Are you eyeing up echinacea and elderberry now that cold and flu season is fully underway? Good. That’s wise of you. But minimizing sick days isn’t just a matter of which supplements you use to kick a cold or flu virus’s ass; it’s a matter of when you take them.
Here’s your three-part plan for a strong immune system this winter. It’ll help you tailor your use of natural treatments based on the stage of the illness.
Supplements for colds and flus
Before we get into the three stages of supplementing, it’s important to know that while the common cold and flu are caused by different viruses, natural management is similar for both. The relevant supplements can be divided into two groups: immune modulators and antimicrobials.
Immune modulators strengthen the immune system’s ability to fight infection. For instance, herbs in this category may increase the antiviral activity of T-lymphocytes, natural killer (NK) cells, and other immune cells.
Antimicrobial agents have direct effects by killing the bacteria or virus, often by causing damage to the bacterial membrane or viral envelope.
Stage 1: Prevention
Probiotics, vitamin D, and vitamin C function as immune modulators.
A 2015 Cochrane meta-analysis evaluated 12 studies and 3,720 participants, including children. The results showed that supplementation with probiotics was superior to placebo for reducing the number of participants who experienced an acute upper respiratory tract infection (URTI). Probiotics also cut back the average duration of acute URTIs and antibiotic prescription rates for acute URTIs. The probiotics even reduced cold-related school absences!
Among those with vitamin D deficiency, supplementation is consistently associated with benefits to immunity. Daily vitamin D supplementation has been shown to reduce incidence of influenza A in schoolchildren.
Plus, a randomized trial of 400 infants found that high doses of vitamin D reduced the incidence of influenza A compared low doses (78 versus 43 cases). Duration of fever, cough, and wheezing was shorter, and the viral loads decreased more rapidly in the high-dose group.
The reason to take vitamin C, according to a recent meta-analysis, isn’t so much to prevent colds full stop, but rather to prevent long-lasting, serious colds. The analysis of 29 trials involving 11,306 participants found that vitamin C reduced duration of colds by 8 percent in adults and 14 percent in children. The severity of colds was also significantly reduced.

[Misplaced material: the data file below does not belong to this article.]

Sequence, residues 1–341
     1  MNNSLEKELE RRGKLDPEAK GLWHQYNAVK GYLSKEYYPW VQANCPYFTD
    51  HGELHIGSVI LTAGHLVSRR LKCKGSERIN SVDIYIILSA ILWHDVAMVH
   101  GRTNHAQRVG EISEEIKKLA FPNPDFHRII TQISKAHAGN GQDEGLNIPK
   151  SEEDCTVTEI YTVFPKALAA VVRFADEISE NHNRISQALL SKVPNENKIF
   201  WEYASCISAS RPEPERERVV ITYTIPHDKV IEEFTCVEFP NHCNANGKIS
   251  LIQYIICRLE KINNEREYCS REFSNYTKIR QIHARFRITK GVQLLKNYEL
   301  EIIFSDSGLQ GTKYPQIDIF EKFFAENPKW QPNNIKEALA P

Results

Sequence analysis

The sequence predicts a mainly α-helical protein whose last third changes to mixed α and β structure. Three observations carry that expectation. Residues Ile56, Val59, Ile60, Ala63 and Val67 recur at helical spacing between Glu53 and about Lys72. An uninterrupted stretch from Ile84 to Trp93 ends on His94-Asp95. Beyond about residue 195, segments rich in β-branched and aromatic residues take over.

Stage 2: Treatment
Garlic (Allium sativa), Echinacea species, and elderberry (Sambucus nigra) extracts have been shown to exert potent antiviral effects.
A randomized trial of 120 adults found that aged garlic extract increased T-lymphocytes and NK cells and reduced the severity and duration of cold and flu symptoms. Garlic contains allicin, which has been shown to kill viruses such as rhinovirus (which causes many common colds ) and parainfluenza virus.
A randomized trial of 473 patients with early flu symptoms (symptoms occurring for fewer than 48 hours) found that a daily combination echinacea and elderberry extract taken for 10 days was as effective as the prescription flu medication oseltamivir for reducing the duration of illness and had fewer side effects.
Finally, a recent meta-analysis including 180 participants revealed that Sambucus nigra (black elderberry) was found to “substantially reduce upper respiratory symptoms.” Authors concluded that elderberry may be a “potentially safer alternative to prescription drugs for routine cases of the common cold and influenza.”
Stage 3: Recovery
People who are having a hard time getting back on their feet after a cold or flu may want to continue supplementation with vitamin C, vitamin D, and probiotics. Adding Astragalus membranaceus can give them a big boost too.
Astragalus is an immune tonic herb and an adaptogen for the immune system. Astragalosides, which are a major active component, have immune-regulatory and anti-inflammatory effects, including inducing T-cells and inhibiting pro-inflammatory cytokines.
Dr. Heidi Fritz, MA, ND, is a research fellow and practicing naturopath.